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A Nonanthracycline-Containing Adjuvant Regimen for HER2-Positive Breast Cancer

The efficacy and safety of combining trastuzumab with a nonanthracycline-containing chemotherapy regimen was evaluated in the Breast Cancer International Research Group 006 (BCIRG-006) trial of over 3200 women with HER2-positive and node-positive breast cancer or high-risk node-negative disease. A preliminary report of 10-year outcomes suggests that, compared with doxorubicin and cyclophosphamide followed by docetaxel (ACT), both ACT with trastuzumab (ACTH) as well as docetaxel, carboplatin, and trastuzumab (TCH) lead to improved disease-free survival (DFS, 75 and 73 percent, respectively, versus 68 percent for ACT) and overall survival (OS, 86 and 83 percent, respectively, versus 79 percent for ACT). A trend toward improved DFS and OS was seen for ACTH compared with TCH, but ACTH was associated with slightly greater toxicity. These results support our recommendation that TCH is an effective alternative treatment to ACTH as adjuvant therapy for HER2-positive breast cancer.


Denosumab in Early Breast Cancer

The anti-RANK-ligand denosumab, used concurrently with adjuvant aromatase inhibitors (AIs), is known to improve bone mineral density (BMD) and reduce the risk of fracture. Data are emerging regarding the potential for denosumab to improve disease-free survival (DFS) in postmenopausal women receiving AIs for breast cancer. The Austrian Breast and Colorectal Cancer Study Group (ABCSG-18) study ABCSG-18 assessed DFS in 3400 postmenopausal women on aromatase inhibitors for hormone receptor-positive breast cancer who were randomly assigned to denosumab or placebo. In preliminary data, at a median follow-up of four years, a trend towards improved DFS was seen in the denosumab group. In subset analyses, benefit from denosumab was observed in women with tumors that were larger than 2 cm, that were both estrogen receptor (ER)-positive and progesterone receptor (PR)-positive, or that had ductal histology. We await final reporting of data from ABCSG-18, as well as the Denosumab as Adjuvant Treatment for Women With High Risk Early Breast Cancer Receiving Neoadjuvant or Adjuvant Therapy (D-CARE) study (NCT01077154), to provide further information regarding potential anti-cancer benefits of this agent.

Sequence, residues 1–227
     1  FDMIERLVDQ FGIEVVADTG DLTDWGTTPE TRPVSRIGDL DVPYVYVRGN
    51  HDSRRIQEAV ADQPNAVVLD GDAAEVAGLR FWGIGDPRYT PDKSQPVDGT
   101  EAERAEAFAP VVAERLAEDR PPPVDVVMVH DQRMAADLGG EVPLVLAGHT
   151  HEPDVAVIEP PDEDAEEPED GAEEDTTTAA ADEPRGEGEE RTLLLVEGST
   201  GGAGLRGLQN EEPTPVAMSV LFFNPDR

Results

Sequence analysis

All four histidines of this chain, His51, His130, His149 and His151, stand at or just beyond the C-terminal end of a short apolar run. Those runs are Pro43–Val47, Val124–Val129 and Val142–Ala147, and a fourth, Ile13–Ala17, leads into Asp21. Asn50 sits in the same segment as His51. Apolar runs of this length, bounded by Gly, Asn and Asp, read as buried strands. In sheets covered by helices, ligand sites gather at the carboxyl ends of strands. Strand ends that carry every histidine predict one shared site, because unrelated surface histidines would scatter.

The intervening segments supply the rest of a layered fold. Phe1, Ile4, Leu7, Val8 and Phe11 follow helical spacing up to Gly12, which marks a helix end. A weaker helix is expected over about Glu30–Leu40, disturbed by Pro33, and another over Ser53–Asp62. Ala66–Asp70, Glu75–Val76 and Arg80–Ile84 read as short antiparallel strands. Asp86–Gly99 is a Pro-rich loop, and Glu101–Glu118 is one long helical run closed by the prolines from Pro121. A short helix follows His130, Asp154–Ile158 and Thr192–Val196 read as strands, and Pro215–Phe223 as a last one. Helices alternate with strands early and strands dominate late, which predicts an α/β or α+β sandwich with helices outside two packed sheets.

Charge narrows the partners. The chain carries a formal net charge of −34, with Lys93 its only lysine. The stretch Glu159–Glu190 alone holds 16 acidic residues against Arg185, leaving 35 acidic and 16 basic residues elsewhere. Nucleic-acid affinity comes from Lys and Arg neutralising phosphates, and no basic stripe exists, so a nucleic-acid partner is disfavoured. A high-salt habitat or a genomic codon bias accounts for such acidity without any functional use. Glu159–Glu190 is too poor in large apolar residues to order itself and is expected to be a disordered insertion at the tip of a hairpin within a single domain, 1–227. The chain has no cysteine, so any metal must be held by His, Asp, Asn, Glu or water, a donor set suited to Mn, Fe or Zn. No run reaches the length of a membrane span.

Screening for Ovarian Cancer in Average Risk Women

The UK Collaborative Trial of Ovarian Cancer Screening (UKCTOCS) is the largest randomized trial evaluating the use of serum testing for CA 125 and transvaginal ultrasound (TVUS) for ovarian cancer screening in average risk women. The trial compared three arms: no screening; screening with annual transvaginal ultrasound; and multimodal screening (MMS, consisting of annual CA 125 testing, followed by TVUS if the CA 125 was abnormal, using an algorithmic guideline). After a median of 11 years, cancers were detected in 0.7 percent of women in the MMS group and 0.6 percent of women in the control and TVUS-only groups. Compared with no screening, MMS detected cancer at an earlier stage and the primary analysis showed a nonsignificant trend toward a 15 percent reduction (95% CI -3 to 30) in mortality from ovarian cancer for MMS. When prevalent ovarian cancer cases were excluded, the mortality reduction with MMS was significant. The results of the UKCTOCS trial are not consistent with results from another randomized trial that did not show decreased mortality with MMS. Based on the available data, it is not clear that the benefits of screening for ovarian cancer outweigh the harms related to the adverse effects associated with false positive findings. UpToDate(R) suggests not screening average risk women for ovarian cancer.


Updated Guidelines for Endoscopic Surveillance After Treatment of Colorectal Cancer

Updated guidelines for posttreatment endoscopic surveillance from a United States Multi-Society Task Force on Colorectal Cancer are available. The most notable change is a recommendation for flexible sigmoidoscopy or endoscopic ultrasound every three to six months for the first two to three years after surgery for rectal cancer in patients who are at increased risk for a local recurrence, including those with localized rectal cancer who have undergone surgery without total mesorectal excision (TME), those who have undergone transanal local excision or endoscopic submucosal dissection alone, and those with locally advanced rectal cancer who did not receive neoadjuvant chemoradiotherapy followed by TME.


Adjuvant VEGF Inhibitors Not Beneficial for Completely Resected Renal Cell Carcinoma

Anti-angiogenic agents targeting the vascular endothelial growth factor (VEGF) pathway can prolong overall survival in patients with metastatic clear cell renal cell carcinoma (RCC), and this observation has led to their evaluation as adjuvant therapy. In the ASSURE trial, patients with completely resected RCC were randomly assigned to sunitinib, sorafenib, or placebo. There was no improvement in disease-free survival, the primary endpoint of the trial, with either agent, and treatment was associated with a significant increase in serious toxicity with both agents. There is currently no role for adjuvant therapy using these agents after a complete resection of RCC. The use of adjuvant systemic therapy should be limited to formal clinical trials.